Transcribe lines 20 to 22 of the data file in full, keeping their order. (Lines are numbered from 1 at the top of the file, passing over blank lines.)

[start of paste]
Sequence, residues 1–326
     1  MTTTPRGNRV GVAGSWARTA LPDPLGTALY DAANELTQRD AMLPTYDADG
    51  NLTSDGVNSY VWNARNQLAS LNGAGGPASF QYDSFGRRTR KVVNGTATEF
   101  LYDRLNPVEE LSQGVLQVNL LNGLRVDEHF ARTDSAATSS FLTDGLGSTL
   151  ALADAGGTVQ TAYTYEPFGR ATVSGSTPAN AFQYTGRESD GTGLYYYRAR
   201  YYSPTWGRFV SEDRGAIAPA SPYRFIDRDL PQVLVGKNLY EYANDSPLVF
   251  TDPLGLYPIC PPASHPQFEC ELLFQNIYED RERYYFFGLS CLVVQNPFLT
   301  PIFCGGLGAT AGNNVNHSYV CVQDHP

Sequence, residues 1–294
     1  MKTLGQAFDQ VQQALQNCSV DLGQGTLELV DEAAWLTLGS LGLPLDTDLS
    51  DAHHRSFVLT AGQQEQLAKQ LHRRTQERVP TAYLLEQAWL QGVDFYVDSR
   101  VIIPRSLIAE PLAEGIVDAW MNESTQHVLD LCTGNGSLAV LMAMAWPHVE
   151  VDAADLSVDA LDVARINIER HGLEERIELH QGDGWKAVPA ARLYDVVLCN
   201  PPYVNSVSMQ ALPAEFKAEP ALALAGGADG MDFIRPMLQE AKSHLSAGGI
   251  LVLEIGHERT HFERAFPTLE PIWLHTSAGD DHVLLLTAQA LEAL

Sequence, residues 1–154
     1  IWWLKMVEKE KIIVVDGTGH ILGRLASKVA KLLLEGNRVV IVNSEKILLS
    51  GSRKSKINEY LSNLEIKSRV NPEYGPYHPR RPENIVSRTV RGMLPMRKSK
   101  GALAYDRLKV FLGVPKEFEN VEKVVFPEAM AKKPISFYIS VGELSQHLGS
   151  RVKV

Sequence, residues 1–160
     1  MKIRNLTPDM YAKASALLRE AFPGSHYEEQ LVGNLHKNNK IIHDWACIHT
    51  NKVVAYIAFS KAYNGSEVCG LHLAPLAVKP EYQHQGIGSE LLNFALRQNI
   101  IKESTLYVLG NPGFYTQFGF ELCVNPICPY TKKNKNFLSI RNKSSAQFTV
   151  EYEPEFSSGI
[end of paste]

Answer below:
   151  RVKV

Sequence, residues 1–160
     1  MKIRNLTPDM YAKASALLRE AFPGSHYEEQ LVGNLHKNNK IIHDWACIHT